London Business School MBA graduate Neerav shared his application journey earlier that took him from one commercial hub (Wall Street, New York) to another (London, UK). Here’s the link –> London Business School MBA after MS in USA.
In this follow-up post, he shares some useful tips for those planning to embark on the MBA joyride soon. If you are having trouble addressing the ‘Why MBA’ question, read on.
After the earlier piece on my MBA expectations and application experience, I thought it would be useful for me to write a few words on the things I considered before the MBA. Hindsight is 20/20. Nonetheless I have attempted to create a few sufficiently broad questions that should stay relevant irrespective of one’s circumstance. There are just three major questions to consider:
This is probably the single most important question that you should know the answer to really well…in your heart. Whereas the first part of the question (what do you want to do) is generally answered well – career change, the second part (why) is rarely answered well. What really motivates you to pursue let’s say strategy consulting or banking. Are your skills or strengths in line with your aspirations? With sufficient hard-work new skills can be learnt. But is it worth it, that you pursue a career in General Management when your real skill is working by yourself producing fabulous analyses?
So, there are two pieces to the puzzle: identifying your natural skills and understanding the needs of your prospective career. Identifying your natural skills is not trivial but a few pointers are:
a) When have you felt happiest professionally? Can you identify 5 to 10 such situations?
b) What were the skills you were using in each of these situations? Are there any common skills across these situations?
c) Who were the people you were associated with in the above situations? Are there any common characteristics among these people?
d) What would people close to you – your parents, best friend, wife/husband say you are good at and why?
As I said before, this is a lot of work but worth every penny.
Understanding the skills required in your prospective career might not be as difficult. A plethora of information exists on the internet. In addition, I recommend that you speak with at least 5 people with a similar background as yours and who have gone the MBA route and are in the same career that you aspire to be in. Try to get hold of people 3 to 5 years into their new career post-MBA (instead of fresh-MBAs) as their thinking would have matured sufficiently. Such people will be throwing pearls (of wisdom) at you, so please utilize this time very carefully.
Interestingly, upward of 50% MBA students change their jobs or careers two years into their first post-MBA job. This should not have been the case if goals and passions were clearly identified and aligned.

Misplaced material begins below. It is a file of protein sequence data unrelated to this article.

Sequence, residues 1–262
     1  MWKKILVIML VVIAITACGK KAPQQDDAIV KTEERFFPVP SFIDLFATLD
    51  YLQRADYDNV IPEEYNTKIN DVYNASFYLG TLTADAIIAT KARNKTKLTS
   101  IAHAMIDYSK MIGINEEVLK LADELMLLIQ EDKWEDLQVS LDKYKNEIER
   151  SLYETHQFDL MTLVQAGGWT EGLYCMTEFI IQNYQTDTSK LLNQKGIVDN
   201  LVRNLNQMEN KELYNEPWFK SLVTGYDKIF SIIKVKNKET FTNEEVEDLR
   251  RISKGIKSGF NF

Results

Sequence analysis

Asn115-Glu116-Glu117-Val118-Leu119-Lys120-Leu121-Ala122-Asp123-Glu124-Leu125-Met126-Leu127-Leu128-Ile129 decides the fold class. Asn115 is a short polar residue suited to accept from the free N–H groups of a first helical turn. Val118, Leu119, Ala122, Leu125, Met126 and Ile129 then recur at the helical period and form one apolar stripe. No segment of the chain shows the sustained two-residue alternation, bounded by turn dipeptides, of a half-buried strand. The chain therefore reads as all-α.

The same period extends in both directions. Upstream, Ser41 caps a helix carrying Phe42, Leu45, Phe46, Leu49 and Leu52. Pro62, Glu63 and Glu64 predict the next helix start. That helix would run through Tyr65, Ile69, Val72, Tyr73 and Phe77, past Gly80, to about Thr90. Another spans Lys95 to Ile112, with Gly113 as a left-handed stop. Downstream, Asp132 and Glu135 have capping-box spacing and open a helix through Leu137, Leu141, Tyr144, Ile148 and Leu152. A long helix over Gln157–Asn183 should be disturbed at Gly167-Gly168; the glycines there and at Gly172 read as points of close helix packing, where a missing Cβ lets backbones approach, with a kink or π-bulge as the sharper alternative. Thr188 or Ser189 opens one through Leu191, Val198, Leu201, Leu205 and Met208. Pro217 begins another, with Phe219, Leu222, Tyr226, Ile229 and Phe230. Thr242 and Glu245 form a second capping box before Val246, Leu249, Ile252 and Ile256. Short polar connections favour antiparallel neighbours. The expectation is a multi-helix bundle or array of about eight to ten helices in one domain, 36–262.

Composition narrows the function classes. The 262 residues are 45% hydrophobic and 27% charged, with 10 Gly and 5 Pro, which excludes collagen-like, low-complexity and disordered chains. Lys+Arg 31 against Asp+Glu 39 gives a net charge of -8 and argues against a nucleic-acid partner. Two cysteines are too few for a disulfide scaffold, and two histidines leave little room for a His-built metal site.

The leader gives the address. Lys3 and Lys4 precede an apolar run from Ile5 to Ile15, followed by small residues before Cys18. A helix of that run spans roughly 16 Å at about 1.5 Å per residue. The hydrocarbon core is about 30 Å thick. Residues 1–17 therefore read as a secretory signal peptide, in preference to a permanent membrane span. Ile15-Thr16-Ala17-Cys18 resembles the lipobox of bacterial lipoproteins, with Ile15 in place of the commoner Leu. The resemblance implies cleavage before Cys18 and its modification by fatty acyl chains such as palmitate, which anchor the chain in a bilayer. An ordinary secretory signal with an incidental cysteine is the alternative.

Imagine a pecking order among different pre- and post-MBA jobs. To know your chances of success you will need to determine how far is your dream job from your existing career standing.
For example: a McKinsey consultant from New York will find getting into Private Equity in New York post-MBA relatively easier than let’s say an engineer from Asia. The engineer from Asia may even find it more difficult to get into McKinsey New York but probably easier to get into McKinsey in his home country.
However, the engineer may find it easier to get into Amazon in US or UK than McKinsey. The question is: whether the engineer deems living in his home-country after the MBA or pursuing Amazon-type job in US or UK successful enough?
For many this is not and at the same time they do not acknowledge the less chances of success due to the unsaid pecking order.
A simple rule of thumb is that post-MBA one can change at most two among industry, function or geography.
An MBA is a leveraged bet on the economy – that is in good times newly minted MBAs get great jobs whereas in a below average economy getting even an average job is a struggle. Even more, an MBA takes away two of the most productive years of your life away – time which could be spent in may be trying out your passion on the sidelines. Moreover, the MBA is expensive, very expensive.
Similar to the pointers I mentioned in point 1 above, some bit of cold calling, some networking, and some information from internet should help. This time around though try to identify a few professionals who have reached your desired goal without the MBA. Could you emulate them?
If not directly, would your odds of success be better through an MBA or through a side-step. For example: would getting into a Tier 2 consulting bolster your chance of getting into McKinsey, Bain or BCG or would MBA serve you better.
Generally, people will quite easily conclude that for some professions – Investment Banking or Management Consulting – an MBA is the only route. Though I agree that many or maybe even most people at top rate Investment Bankers and Consultants have an MBA, one would be better served by measuring the odds of making it in. The alternative path may be less glamorous but the real work experience may serve you better.
The write-up may sound as if I am trying to dissuade you from doing an MBA. To the contrary, an MBA can be one of most rewarding experiences in terms of people you meet, friends you make, travels you undertake and of course the knowledge you gain. But to experience all this you also need to be aware of the associated risks. Remember – Never test the depth of water with both feet. Good luck!
That concludes Neerav’s 2-part guest post series. Good luck in trying to find answers to your ‘Why MBA’ and ‘Why now’ questions.